Tuesday, June 13, 2017

Sprite Status Tables, part 1

A sprite status table, or SST, is a data structure which records all the information about an object's state. It is 74 bytes long, of which 70 bytes are effectively a blank canvas the object can use to store all sorts of data. The first longword in an SST, however, stores the object's code pointer, which is typically the ROM address where the object's code starts.

Once every frame, the object processor walks through object RAM, which begins at address $B000 and holds a total of 110 SSTs. For each object slot, the base address of its SST is loaded into the a0 register, and the object's code pointer is retrieved. If the pointer is set to zero, the slot is considered empty, and is not processed. Otherwise, control jumps to the address stored in the pointer, and the object begins executing its own code.
    tst.b   (Teleport_active_flag).w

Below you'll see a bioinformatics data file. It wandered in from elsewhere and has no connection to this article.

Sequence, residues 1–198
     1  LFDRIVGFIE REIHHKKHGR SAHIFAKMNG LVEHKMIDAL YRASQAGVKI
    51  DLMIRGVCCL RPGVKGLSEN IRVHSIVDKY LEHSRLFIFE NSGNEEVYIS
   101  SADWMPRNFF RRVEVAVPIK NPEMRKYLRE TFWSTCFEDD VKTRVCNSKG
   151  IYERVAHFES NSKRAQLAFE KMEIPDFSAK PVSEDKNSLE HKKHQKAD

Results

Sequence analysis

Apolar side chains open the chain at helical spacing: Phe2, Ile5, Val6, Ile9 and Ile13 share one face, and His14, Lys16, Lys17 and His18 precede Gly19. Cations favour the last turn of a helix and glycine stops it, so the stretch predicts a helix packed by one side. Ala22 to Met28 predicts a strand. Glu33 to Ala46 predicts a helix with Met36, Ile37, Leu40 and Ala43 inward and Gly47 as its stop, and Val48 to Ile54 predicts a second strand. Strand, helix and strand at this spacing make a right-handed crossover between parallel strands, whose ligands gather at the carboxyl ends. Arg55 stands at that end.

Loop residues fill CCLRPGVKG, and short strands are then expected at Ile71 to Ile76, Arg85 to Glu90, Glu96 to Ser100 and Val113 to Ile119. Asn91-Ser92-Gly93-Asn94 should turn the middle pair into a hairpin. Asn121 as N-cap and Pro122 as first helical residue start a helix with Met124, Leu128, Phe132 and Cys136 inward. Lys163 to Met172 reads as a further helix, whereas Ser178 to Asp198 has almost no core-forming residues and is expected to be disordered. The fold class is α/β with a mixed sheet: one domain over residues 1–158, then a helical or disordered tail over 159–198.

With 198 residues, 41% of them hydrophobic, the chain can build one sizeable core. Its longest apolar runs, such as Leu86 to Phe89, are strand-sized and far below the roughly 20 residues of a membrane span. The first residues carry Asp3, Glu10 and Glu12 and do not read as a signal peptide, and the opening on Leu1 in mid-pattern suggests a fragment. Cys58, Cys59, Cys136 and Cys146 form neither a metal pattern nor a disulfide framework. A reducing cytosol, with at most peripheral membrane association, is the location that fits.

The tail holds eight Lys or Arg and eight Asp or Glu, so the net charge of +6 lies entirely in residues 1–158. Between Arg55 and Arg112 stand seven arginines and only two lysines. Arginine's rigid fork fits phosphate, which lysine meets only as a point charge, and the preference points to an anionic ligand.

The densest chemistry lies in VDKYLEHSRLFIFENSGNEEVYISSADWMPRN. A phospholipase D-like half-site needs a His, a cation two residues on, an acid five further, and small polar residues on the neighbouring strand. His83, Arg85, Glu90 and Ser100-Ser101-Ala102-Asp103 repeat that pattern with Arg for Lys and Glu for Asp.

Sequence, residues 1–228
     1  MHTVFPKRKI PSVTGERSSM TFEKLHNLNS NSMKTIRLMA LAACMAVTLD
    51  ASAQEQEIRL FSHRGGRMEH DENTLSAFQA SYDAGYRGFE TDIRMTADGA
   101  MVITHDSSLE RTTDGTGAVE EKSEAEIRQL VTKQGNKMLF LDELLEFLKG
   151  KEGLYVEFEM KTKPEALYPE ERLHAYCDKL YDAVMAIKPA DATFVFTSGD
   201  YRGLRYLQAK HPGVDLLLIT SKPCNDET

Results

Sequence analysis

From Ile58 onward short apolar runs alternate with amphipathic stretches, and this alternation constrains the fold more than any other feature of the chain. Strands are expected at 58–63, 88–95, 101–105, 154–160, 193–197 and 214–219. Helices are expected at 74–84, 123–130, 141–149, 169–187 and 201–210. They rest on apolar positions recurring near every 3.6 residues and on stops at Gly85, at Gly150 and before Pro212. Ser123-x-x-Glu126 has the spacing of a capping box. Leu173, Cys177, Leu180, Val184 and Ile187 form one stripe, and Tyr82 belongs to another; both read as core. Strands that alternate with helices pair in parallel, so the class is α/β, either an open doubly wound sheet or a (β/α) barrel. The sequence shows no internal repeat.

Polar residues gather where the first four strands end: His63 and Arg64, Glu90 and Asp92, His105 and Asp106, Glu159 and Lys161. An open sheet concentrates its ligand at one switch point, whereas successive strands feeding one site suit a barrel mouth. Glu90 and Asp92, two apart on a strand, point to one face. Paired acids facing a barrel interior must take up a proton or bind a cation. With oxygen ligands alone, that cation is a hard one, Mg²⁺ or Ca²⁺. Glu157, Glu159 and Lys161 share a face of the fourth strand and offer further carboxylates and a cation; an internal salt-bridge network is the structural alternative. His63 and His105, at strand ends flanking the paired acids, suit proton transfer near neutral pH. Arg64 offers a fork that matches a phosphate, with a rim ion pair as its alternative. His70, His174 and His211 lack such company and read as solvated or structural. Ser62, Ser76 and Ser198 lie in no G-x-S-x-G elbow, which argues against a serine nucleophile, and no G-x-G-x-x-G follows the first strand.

bne.s   locret_1AB0C
    lea     (Object_RAM).w,a0
    moveq   #$6D,d7

    move.l  (a0),d0
    beq.s   loc_1AB04
    movea.l d0,a1
    jsr     (a1)

    lea     next_object(a0),a0
    dbf     d7,sub_1AAFC

This brings us to our first convention: the a0 register starts off pointing at the object's own SST, and the object can use it to read from and write to its own attributes. For instance, when an object is first loaded from the layout, its subtype is copied to offset $2C of its SST. Later, when the object executes, it can fetch its own subtype by reading from $2C(a0).
    move.b  $2C(a0),d0
    andi.w  #$7F,d0
    lsl.w   #3,d0
    move.w  d0,$36(a0)
    addi.w  #$10,d0
    move.w  d0,$38(a0)
    move.l  #loc_3FBAC,(a0)

    moveq   #0,d2
    lea     (Player_1).w,a1
    bsr.w   sub_3FBC4
    lea     (Player_2).w,a1
    bsr.w   sub_3FBC4
    jmp     (Delete_Sprite_If_Not_In_Range).l
Furthermore, most functions called by objects assume a0 is pointing to the SST of the calling object, so as a general rule, objects never write to a0. In the event the object needs to call a function which expects something else in a0, the current value of a0 is backed up before the function call and restored immediately after.


  1. This sounds like there could be a way to do arbitrary code execution. Are there any such glitches in Sonic 3K?

    1. None than I know of, but it's definitely not beyond the realms of possibility.